This new vantage point provides an inspiring perspective that will help you and your child stay motivated … and encouraged. It changes everything, doesn’t it? Can you see the difference?

Do you ever fall into the Big Pit of Comparison? What successes has your child had so far?

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Betty

says:

This is the first time I understand that I have a problem with my daughter progress not her ,she has done a great job and progress from where she was at first I just couldn’t see it thank you it help a lot

Robin E.

says: Customer Service

I’m glad this was helpful for you, Betty. It can be hard to let go of the idea of where a child “should” be. I’m very pleased to hear that your daughter is making good progress.

Austin

says:

Our family really struggles with the pit of comparison. After getting custody of our little guy it was hard not to compare him to his peers as he is academically several years behind them. We needed to advocate for his educational needs which meant all too often we were focused on what he couldn’t do instead of what he can do. He’s made amazing progress with AAS and I can’t wait to see what he accomplishes in the future.

Robin E.

says: Customer Service

Austin,
Sometimes it takes a bit of comparison to know when your child needs more help. But it sounds like you have the most important thing down; you are looking at the progress your little guy has made! I’m pleased to hear All About Spelling is helping him gain progress.

Lily

says:

Are you offering fee excess during the Covid 19 pandemic for teachers to use with their class?

Robin E.

says: Customer Service

Lily,
We have a blog post about tht, COVID-19 Quarantine Schooling Resources.

Hattie ROBINSON

says:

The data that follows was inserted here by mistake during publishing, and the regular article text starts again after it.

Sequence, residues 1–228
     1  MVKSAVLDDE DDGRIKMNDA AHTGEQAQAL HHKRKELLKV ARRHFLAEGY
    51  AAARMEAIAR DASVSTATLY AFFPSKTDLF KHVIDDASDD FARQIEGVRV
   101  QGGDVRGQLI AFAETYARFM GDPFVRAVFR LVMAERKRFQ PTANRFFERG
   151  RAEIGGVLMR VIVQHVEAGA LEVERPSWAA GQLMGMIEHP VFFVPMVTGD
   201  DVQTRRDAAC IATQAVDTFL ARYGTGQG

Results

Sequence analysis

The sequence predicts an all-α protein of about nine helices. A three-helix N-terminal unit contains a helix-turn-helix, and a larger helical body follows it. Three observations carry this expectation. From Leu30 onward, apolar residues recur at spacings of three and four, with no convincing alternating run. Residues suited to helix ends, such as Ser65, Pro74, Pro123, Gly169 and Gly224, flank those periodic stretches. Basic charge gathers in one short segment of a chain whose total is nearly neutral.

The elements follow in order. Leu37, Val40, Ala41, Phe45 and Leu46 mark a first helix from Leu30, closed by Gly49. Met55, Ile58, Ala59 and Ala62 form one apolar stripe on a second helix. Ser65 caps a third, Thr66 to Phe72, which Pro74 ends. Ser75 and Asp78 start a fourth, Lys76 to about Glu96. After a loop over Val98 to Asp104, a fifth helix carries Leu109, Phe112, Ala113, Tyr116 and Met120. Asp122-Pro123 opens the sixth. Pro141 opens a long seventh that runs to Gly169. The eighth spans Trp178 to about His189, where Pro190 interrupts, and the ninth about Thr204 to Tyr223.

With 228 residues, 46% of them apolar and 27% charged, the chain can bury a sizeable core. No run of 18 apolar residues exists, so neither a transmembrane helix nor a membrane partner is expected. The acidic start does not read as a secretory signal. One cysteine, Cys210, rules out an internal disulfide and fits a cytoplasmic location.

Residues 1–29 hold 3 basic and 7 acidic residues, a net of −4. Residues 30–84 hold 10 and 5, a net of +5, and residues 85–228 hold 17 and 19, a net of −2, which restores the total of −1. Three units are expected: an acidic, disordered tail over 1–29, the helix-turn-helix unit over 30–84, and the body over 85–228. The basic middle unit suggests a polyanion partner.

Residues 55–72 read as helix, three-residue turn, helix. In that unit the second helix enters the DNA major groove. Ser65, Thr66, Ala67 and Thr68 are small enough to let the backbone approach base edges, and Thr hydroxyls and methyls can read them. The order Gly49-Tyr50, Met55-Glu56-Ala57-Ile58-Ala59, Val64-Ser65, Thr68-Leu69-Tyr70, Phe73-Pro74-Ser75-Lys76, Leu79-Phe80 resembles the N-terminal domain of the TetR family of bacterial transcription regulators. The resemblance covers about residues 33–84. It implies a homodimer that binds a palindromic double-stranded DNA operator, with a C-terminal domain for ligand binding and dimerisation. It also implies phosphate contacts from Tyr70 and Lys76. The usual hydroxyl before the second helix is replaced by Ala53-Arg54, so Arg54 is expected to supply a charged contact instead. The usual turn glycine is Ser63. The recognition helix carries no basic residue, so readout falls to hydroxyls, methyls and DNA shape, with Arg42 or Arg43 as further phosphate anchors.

Thank

Alice

says:

Thank you so much for your very timely email. It does help to put things in perspective. I hope I can let this be my starting point.

I have a hard time staying out of the ‘big pit’. Lots of the homeschool moms we associate with are very ‘hard core’ homeschoolers. I have to remind myself that we move at Ella’s pace and we’re doing great.

Robin E.

says: Customer Service

Paula,
Awww, the mom comparison. Sigh. And it’s not just homeschool moms; you’ll find it with moms that don’t homeschool too.

I find it helpful to list the things we are doing that is impressive, especially the things that are impressive in different ways. For example, if someone talks about their grade-schooler learning Latin I may mention my grade-schooler having her own garden and even growing the herbs I use weekly in my cooking. I find doing this helps to change the focus from “my kid is so great” to celebrating the unique things in each child, at least for me. If they want to stay in the “big pit”, well I can’t fix that.

Audrey

says:

Such a good reminder! I’m going to be starting my first “official” year of homeschooling soon, and I know I’ll be tempted to compare my daughter with her homeschool and public school friends.

Juill

says:

A great reminder!

Bette

says:

This is encouraging for an older learner.

Lizie

says:

This is a very good reminder.

Bree

says:

This is such good advice! Focusing on progress can be way more encouraging than fretting about how behind one is.

Trisha

says:

Thanks for the article! I am excited to be starting to homeschool so my kids can avoid a lot of this outside pressure, but yes it is hard for parents, too. It starts so young- baby milestones even!